The Chancellor of the Exchequer, Jeremy Hunt, delivered the Spring Budget to the U.K. Parliament on 15 March 2023.1 This Budget was focussed on providing help with the increased cost of living and increasing economic growth, and was light on tax measures for employers and employees.
The main themes of the Budget were increasing productivity, supporting parents with child-care costs and incentivising people over 50 to return to work where they are currently out of the labour market. From a global-mobility perspective, the most important announcements were the changes to the pension annual allowance and the lifetime allowance.
WHY THIS MATTERS
For employers of globally-mobile employees there is always a great deal of interest in the U.K.’s fiscal events as they can have a direct impact on the cost of assignments.
The increase in the pension annual allowance and the abolition of the pension lifetime allowance will be welcomed by high earners, who will be able to contribute more into their pension, tax-efficiently.
The specific impact of the Budget’s measures will depend on each taxpayer’s particular set of circumstances. However, in most instances, we expect that an employee’s U.K. tax burden for 2023/2024 should remain relatively stable; although for higher-income earners, and those with capital gains, there could be an increase in their tax burdens due to lowering of the threshold at which additional rate of income tax (at a rate of 45 percent) becomes payable and to the reduction in the capital gains tax annual exempt amount as announced in the Autumn Statement in November 2022.
Prior to the Budget, there was speculation that changes may be announced regarding the U.K.’s non-domicile rules and the remittance basis regime, but ultimately there were no further developments in this area.2
It is essential to get in front of the changes described in this newsletter and to communicate quickly and clearly with key stakeholders, so that they can properly plan, budget, and make any necessary adjustments.
Overview of Main Measures
Pension Annual Allowance and Lifetime Allowance
As part of the Chancellor’s drive to encourage over 50s to re-enter the workforce, from 6 April 2023, the annual limit on U.K. tax-relieved pension savings called the ‘annual allowance’ will increase from £40,000 to £60,000. However, tapering down will still affect higher earners with ‘adjusted income’ over £260,000, though the maximum taper will result in a £10,000 annual allowance (rather than £4,000 as at present).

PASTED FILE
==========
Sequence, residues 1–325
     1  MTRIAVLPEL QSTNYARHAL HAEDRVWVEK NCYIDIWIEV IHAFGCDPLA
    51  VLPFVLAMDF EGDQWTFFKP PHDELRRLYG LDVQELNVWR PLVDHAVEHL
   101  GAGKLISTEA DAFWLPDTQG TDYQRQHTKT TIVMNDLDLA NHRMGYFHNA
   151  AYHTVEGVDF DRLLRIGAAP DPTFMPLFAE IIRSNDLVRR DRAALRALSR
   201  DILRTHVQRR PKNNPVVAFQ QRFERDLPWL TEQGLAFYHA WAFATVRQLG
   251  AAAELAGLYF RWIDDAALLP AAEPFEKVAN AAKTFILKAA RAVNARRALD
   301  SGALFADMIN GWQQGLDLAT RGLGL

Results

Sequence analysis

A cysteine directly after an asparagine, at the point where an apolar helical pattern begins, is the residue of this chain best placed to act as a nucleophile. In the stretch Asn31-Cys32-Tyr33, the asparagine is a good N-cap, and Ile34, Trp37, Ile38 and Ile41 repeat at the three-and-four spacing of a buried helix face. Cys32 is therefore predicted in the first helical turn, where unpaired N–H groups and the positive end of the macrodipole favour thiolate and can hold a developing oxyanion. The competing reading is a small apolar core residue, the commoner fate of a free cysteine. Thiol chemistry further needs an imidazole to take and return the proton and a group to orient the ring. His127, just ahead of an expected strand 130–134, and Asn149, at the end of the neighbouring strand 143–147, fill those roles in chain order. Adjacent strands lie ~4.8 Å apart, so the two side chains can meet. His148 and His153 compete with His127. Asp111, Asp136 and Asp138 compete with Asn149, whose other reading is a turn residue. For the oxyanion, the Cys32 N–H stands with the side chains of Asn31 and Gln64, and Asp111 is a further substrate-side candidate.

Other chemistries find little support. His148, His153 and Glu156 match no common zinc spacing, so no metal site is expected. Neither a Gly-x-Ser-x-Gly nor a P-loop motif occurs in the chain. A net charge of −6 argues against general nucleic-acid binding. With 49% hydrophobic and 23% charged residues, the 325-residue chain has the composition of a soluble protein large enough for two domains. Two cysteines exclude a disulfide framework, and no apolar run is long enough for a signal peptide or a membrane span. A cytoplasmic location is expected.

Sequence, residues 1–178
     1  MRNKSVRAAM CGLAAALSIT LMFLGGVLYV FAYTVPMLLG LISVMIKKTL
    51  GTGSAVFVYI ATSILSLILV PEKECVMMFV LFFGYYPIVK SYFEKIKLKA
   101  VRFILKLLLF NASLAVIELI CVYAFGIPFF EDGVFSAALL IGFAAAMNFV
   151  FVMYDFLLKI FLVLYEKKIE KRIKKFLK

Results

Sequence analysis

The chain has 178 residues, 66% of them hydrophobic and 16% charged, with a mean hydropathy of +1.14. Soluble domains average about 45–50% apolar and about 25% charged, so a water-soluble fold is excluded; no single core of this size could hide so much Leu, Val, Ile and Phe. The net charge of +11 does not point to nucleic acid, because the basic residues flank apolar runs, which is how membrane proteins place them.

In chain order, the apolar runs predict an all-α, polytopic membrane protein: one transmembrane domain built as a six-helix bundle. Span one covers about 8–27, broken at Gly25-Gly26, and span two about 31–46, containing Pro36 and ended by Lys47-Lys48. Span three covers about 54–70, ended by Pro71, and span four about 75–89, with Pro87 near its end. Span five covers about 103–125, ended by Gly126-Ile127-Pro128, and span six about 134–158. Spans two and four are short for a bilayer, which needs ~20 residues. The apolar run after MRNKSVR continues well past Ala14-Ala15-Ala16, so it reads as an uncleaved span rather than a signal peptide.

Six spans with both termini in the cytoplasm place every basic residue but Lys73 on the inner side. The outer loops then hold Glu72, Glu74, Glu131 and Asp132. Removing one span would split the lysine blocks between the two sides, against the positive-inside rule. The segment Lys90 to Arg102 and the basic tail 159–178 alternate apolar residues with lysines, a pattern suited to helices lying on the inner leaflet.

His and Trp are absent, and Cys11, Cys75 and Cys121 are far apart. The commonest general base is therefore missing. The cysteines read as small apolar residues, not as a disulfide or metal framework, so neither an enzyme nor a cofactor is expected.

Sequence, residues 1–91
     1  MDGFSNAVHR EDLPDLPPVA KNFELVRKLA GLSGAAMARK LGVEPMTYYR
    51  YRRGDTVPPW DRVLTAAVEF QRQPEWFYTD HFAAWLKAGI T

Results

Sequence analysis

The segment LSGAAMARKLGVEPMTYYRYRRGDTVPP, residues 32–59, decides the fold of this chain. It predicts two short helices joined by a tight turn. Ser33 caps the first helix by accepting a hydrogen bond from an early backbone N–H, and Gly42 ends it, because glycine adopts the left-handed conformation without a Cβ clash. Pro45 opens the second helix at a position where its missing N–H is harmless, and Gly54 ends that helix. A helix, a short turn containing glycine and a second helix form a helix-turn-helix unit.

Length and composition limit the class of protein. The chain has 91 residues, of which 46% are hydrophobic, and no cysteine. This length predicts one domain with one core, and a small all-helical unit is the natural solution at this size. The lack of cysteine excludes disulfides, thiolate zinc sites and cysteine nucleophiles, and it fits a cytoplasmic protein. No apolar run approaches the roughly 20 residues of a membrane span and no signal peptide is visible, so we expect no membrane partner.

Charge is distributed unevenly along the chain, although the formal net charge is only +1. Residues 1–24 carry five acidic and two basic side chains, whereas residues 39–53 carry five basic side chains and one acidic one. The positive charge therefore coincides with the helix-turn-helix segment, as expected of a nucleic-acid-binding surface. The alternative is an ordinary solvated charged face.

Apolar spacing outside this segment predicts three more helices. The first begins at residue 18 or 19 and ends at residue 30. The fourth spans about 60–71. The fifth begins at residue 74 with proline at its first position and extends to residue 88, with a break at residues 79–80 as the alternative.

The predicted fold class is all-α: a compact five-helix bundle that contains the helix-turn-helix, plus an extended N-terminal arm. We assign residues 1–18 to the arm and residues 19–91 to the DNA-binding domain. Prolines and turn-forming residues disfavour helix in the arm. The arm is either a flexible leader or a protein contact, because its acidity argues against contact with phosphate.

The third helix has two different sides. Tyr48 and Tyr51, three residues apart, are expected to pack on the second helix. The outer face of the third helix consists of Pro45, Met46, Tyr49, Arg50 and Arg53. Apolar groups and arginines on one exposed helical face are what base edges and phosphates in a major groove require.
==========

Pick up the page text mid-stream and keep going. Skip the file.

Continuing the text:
The lifetime allowance, being the overall limit on pension savings (currently £1,073,000), is changing too. The lifetime allowance charge will be removed from 6 April 2023 with the lifetime allowance itself to be abolished in a future Finance Bill.
Additionally, the maximum amount that can be drawn down by those without relevant protections as a tax-free lump sum on commencement of a pension, which is currently capped at 25 percent of the lifetime allowance, will be retained at £268,275 and frozen.
- As announced in the Autumn Statement on 17 November 2022, the threshold for the additional income tax rate of 45 percent will be reduced from £150,000 to £125,140 with effect from 6 April 2023. Similarly, the Capital Gains Tax Annual Exemption will be reduced from £12,300 to £6,000 with effect from 6 April 2023, and then reduced further to £3,000 from 6 April 2024. 3
- The government had announced in December 2022 that the introduction of Making Tax Digital for Income Tax would be postponed from April 2024 to April 2026, and the gross income threshold increased from £10,000 to £50,000, which will then be reduced to £30,000 from April 2027.4
KPMG LLP (U.K.) INSIGHTS
Employers may be disappointed that no announcements were made in line with the recommendations set out in the Office of Tax Simplification’s review into cross-border hybrid and remote working.5 However, the government will launch a call for evidence this summer focussed on better understanding the range of informal flexible working arrangements between employers and employees, which could lead to further developments in the longer term.
Employers may be relieved that no changes were made to the non-domicile and remittance basis rules, and so non-U.K.-domiciled taxpayers will continue to be able to benefit from the tax-advantaged remittance basis regime. However, this remains a topic of media attention and so with a general election expected before summer 2024, non-U.K.-domiciled taxpayers should remain aware that this may be reformed by a future government.
The government announced that there will be a tax administration and maintenance day in April, when we are anticipating that further consultations will be issued, which may impact the globally-mobile population.
KPMG LLP (U.K.) will continue to keep readers informed of any further developments that concern individuals, including those on international assignments, and their multinational employers.
2 For KPMG LLP in the U.K.’s Budget Prediction, published prior to the Budget, click here.
3 For coverage by KPMG LLP in the U.K. of the Autumn Statement 2022, see GMS Flash Alert 2022-208 (18 November 2022)
The information contained in this newsletter was submitted by the KPMG International member firm in the United Kingdom.
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